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Seabee Guy:

I use to fight forest fires here and out west back in the late 80s and early 90s. Is the park service looking for more volunteers?

Jim Northup:

Not for this fire, but the Park welcomes volunteers for other management activities. Thanks for asking!

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Jennifer Doyle Hudson:

What is the best way the public can assist firefighters and other volunteers? Is there an official place to drop off food and drinks? Is there any need for more volunteers in any capacity? If yes, what would those be?

Jim Northup and Steve Parrish:

Thanks for asking, Jennifer. We have been overwhelmed by the support of people like you asking how they can help. At this point the firefighters on this fire have everything they need, but if you'd like to donate, please do so for your local fire department.

WHSV adds:

We have a web story, "What and where to donate for the forest fire effort" here: http://bit.ly/1NmVhEu

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Samantha Propst:

Why was traffic being directed for a short time on route 340 at intersection of island ford road last night around 9:30? Is there anything being done about all the cars stopping along side of 340? This can be very dangerous.

Jim Northup and Steve Parrish:

We know of some construction in that area that was unrelated to the fire. The Rockingham County Sheriff's Department has been patrolling the road. Yes, this is a very dangerous spot to pull over. We ask people to not stop in this area!

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Mark Vakarchuk:

How close is it to residential areas?

Steve Parrish:

It has gotten within 100 feet of some structures but firefighters have secured firelines around them and no structures have been lost.

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Mackinley J. Rattey:

Any Theories What Started Fire ? ,Natural or Someone Started It?

Jim Northup:

It's still under investigation, but believed to be human caused.

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Mackinley J. Rattey:

My last questiion. Do you think Fire Is Linked Wirh Missing Person In Sandorah National Patk?

Jim Northup:

No, there is no connection.

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Alicia Harlow:

I dont know if I can make this event but maybe you can answer this. How often does the Forrest Service update the acreage burned with WHSV? Everything still says 5600 acres. Last night's totals. Just worried because we have friends in the path and it sure is windy

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Peggy Budreau Million:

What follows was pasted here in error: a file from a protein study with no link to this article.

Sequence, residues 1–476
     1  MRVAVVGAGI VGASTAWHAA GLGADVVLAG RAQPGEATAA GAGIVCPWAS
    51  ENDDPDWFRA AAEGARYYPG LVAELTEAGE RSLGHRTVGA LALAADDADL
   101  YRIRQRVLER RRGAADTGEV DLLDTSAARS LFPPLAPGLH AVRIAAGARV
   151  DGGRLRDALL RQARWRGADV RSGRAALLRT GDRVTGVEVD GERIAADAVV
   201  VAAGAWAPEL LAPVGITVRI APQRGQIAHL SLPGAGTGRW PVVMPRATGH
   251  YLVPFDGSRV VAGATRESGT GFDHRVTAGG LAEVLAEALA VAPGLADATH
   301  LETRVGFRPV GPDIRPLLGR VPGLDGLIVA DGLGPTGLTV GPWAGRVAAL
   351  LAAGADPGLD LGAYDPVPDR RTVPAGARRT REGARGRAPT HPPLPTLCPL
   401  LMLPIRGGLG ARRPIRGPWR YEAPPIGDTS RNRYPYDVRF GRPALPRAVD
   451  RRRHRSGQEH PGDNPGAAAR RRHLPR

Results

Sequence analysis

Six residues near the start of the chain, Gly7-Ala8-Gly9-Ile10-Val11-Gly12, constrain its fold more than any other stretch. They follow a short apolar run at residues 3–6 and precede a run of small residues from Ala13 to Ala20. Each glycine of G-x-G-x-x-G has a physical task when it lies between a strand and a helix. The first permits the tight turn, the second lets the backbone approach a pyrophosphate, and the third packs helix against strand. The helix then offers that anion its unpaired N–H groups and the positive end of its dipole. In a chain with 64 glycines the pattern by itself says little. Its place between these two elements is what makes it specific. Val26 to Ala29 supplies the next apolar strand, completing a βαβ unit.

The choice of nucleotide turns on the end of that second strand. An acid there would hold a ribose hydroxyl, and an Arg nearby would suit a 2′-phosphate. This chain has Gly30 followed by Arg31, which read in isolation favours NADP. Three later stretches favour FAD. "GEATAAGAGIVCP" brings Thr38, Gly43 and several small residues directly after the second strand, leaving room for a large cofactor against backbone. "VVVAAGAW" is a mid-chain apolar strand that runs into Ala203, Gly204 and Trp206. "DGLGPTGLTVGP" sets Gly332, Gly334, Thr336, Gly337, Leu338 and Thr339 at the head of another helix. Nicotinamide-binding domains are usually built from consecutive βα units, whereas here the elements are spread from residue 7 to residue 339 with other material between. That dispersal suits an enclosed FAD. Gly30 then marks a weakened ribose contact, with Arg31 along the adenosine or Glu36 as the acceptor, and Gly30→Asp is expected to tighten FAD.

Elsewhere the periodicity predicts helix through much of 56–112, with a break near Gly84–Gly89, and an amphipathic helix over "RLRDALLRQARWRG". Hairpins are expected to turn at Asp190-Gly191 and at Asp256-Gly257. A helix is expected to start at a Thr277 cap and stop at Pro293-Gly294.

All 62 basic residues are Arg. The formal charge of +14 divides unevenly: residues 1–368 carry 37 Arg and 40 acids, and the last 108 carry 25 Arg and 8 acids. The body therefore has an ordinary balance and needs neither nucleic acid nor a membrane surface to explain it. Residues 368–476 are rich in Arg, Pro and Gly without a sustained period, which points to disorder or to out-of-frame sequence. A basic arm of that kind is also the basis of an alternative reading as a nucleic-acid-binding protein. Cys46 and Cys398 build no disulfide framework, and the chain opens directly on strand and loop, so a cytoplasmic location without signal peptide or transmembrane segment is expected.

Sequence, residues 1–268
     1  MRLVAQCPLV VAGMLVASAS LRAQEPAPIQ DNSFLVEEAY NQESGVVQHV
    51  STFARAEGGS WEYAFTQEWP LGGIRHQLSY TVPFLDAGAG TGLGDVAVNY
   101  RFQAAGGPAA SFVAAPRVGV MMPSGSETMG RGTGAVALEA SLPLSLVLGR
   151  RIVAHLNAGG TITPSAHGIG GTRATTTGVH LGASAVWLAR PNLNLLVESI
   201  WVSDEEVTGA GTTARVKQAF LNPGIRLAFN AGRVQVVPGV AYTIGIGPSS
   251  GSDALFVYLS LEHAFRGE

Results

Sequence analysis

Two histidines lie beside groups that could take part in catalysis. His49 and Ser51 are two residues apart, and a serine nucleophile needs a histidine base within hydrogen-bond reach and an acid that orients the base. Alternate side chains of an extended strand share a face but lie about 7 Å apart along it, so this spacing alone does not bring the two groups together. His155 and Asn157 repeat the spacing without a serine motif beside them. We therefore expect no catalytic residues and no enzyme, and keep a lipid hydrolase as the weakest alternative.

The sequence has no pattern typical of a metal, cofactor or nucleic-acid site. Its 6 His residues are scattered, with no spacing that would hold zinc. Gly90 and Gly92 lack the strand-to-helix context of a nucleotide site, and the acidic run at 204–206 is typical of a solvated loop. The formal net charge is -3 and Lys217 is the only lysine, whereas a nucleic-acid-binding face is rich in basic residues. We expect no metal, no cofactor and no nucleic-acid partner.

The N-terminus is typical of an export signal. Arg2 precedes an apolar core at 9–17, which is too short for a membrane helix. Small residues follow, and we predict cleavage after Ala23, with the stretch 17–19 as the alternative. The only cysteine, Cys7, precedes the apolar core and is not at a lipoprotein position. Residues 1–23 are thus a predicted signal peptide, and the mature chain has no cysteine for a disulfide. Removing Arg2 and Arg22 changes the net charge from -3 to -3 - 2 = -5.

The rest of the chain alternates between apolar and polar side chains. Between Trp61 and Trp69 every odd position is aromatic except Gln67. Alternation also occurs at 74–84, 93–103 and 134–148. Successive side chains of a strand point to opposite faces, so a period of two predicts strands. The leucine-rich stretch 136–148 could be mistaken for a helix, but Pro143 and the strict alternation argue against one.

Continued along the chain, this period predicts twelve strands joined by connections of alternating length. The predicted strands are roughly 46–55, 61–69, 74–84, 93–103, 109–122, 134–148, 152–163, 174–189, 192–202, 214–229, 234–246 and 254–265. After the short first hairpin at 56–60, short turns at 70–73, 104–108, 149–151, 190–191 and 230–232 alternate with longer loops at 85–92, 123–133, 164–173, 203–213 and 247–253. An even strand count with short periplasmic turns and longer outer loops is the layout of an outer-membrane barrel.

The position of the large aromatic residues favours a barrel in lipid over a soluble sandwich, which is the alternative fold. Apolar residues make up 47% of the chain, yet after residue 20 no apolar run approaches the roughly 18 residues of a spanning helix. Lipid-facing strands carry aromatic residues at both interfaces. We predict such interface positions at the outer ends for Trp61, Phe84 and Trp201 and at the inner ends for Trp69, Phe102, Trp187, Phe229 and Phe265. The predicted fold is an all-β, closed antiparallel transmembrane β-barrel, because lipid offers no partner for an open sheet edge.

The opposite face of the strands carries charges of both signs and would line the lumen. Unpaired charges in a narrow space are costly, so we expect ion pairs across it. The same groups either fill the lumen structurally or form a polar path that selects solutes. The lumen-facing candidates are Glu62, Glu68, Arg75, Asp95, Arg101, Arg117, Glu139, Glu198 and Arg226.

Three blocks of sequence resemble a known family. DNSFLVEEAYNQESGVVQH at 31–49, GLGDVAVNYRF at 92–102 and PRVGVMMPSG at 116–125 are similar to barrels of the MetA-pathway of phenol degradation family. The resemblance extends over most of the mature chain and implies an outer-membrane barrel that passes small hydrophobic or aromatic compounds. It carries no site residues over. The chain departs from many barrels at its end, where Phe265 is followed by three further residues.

My question also, all I can find gives 5600 acres burned so far & those are yester afternoons totals, need updates as I work in that area. Cannot be here at the time of live report, will already be working

Steve Parrish:

Acreage is updated daily. It is currently 7,935. No structures have been lost and firefighters continue to make progress

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Samantha Propst:

The fire is at approx 7935 acres yesterday 5600. Is there a projected timeframe of when the fire will subside? Do you think if we get the rain tonight it put it out?

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Samantha Propst:

Has anyone been evacuated? Especially in Beldore?

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Steve Klevickis:

I live north of the fire, and at the rate it has expanded in the last 24 hr it could be here in 2 more days. How and where do you plan to stop the fire on the north?

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Sonya Ensley:

.

Jim Northup and Steve Parrish:

Thanks everyone for all your questions. We need to get back to work!

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Teresa Bulle:

And from what im hearing from everybody else&the news cast people&from the shanandoah national park personal that the fire is good to burn because of all of the brush., but my thing is: not one person has mentioned anythng about any of the wildlife&all of the poor innocent animals.I guess nobody cares about the wildlife&what could happen to them.so sad..

WHSV - TV 3:

Actually we are airing a piece on that tonight at 5 & 6, we hope you will watch. (It is online here: http://bit.ly/1pmRawD )

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Nancy Lutz Goulart:

if we missed this, can we review the Q&A?!

WHSV - TV 3:

Hi Nancy, We are working on putting an article up on our website. -Emily